Deuteronomy 18: Who Is the Prophet?
Posted by Zak Schmoll
Although I have read Deuteronomy 18 at one time, I didn’t know that it was a rather controversial chapter. First, read the following verses.
Deu 18:15 The LORD thy God will raise up unto thee a Prophet from the midst of thee, of thy brethren, like unto me; unto him ye shall hearken;
Deu 18:16 According to all that thou desiredst of the LORD thy God in Horeb in the day of the assembly, saying, Let me not hear again the voice of the LORD my God, neither let me see this great fire any more, that I die not.
Deu 18:17 And the LORD said unto me, They have well spoken that which they have spoken.
Deu 18:18 I will raise them up a Prophet from among their brethren, like unto thee, and will put my words in his mouth; and he shall speak unto them all that I shall command him.
Apparently, this passage is assumed to be talking about Mohammed in Islam. Because Isaac and Ishmael were brothers and Mohammed is descended from the line of Ishmael, many believe that this is why it talks about brethren.
However, I think that if we look a little bit deeper, it makes more sense that this passage is actually Jesus.
First, we need to think about whether or not the Bible itself is internally valid and confirms that we are indeed talking about Jesus. After all, could it be Elijah or some other great prophet?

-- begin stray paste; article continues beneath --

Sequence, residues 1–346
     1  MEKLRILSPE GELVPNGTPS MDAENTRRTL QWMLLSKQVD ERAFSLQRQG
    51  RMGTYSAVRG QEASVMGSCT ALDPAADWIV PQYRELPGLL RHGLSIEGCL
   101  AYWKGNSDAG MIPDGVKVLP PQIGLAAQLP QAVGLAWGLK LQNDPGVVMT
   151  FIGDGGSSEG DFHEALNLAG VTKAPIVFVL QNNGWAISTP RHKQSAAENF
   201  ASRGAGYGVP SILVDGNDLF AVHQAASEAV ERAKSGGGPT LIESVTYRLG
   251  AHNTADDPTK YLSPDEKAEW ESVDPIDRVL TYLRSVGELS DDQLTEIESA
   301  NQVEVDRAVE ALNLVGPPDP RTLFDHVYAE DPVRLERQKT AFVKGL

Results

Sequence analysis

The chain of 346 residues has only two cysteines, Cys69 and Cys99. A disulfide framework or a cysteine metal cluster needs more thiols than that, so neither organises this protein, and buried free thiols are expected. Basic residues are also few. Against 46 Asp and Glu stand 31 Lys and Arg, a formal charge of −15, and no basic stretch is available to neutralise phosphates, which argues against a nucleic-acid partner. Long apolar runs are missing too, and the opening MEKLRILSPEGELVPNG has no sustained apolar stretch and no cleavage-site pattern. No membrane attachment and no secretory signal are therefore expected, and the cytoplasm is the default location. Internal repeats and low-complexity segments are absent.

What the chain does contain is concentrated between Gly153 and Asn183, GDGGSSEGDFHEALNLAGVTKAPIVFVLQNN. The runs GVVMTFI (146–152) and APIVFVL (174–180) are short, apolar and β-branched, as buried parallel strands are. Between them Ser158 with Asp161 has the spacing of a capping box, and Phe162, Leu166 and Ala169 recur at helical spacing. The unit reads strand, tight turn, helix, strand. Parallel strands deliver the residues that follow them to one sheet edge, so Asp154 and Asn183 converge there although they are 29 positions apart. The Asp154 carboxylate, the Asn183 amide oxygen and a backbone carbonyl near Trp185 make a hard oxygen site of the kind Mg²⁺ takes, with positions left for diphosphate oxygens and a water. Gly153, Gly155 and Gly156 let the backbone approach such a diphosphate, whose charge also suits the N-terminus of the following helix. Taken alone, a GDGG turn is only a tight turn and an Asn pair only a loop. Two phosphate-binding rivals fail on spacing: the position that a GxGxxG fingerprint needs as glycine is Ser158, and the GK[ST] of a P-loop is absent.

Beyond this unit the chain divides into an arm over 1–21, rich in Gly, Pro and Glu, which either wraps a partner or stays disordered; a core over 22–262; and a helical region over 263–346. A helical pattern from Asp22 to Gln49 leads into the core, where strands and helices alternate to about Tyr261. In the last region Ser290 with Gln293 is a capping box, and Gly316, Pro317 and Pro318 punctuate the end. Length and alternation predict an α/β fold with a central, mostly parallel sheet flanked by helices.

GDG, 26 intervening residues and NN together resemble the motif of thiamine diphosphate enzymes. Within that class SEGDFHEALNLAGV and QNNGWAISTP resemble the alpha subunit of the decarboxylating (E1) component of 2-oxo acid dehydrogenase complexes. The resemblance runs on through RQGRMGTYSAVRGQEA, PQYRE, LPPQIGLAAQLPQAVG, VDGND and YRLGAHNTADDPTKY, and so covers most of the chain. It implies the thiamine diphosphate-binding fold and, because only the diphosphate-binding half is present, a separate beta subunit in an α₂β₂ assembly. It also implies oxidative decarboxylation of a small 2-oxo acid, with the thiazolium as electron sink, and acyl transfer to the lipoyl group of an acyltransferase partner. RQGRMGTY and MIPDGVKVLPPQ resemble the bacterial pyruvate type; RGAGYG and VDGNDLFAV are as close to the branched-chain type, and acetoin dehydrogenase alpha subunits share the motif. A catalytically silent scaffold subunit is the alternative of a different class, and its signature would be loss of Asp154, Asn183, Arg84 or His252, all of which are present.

Act 3:19 Repent ye therefore, and be converted, that your sins may be blotted out, when the times of refreshing shall come from the presence of the Lord;
Act 3:20 And he shall send Jesus Christ, which before was preached unto you:
Act 3:21 Whom the heaven must receive until the times of restitution of all things, which God hath spoken by the mouth of all his holy prophets since the world began.
Act 3:22 For Moses truly said unto the fathers, A prophet shall the Lord your God raise up unto you of your brethren, like unto me; him shall ye hear in all things whatsoever he shall say unto you.
Act 3:23 And it shall come to pass, that every soul, which will not hear that prophet, shall be destroyed from among the people.
From this passage, it is clear that the Bible itself confirms that this passage is referring to Jesus.
However, why does the simple fact that the Bible is internally valid on this issue convincing proof that that really is the way it is?
Well, that requires a slightly more detailed answer. However, the basic premise is that if the Bible is true, then the claims that it makes within itself must also be true. After all, you can’t have a true document that has faulty information embedded in it.
Rather than reinvent the wheel though, let me point you to gospelway.com. He provided a list of prophecies that can be both internally and externally validated.
In my opinion and in the opinion of many people around the world, the proof is evident. It makes sense that the Bible is a true document, and if that is true, then the claim that it made about itself regarding Jesus being the prophet spoken about in Deuteronomy must be true as well.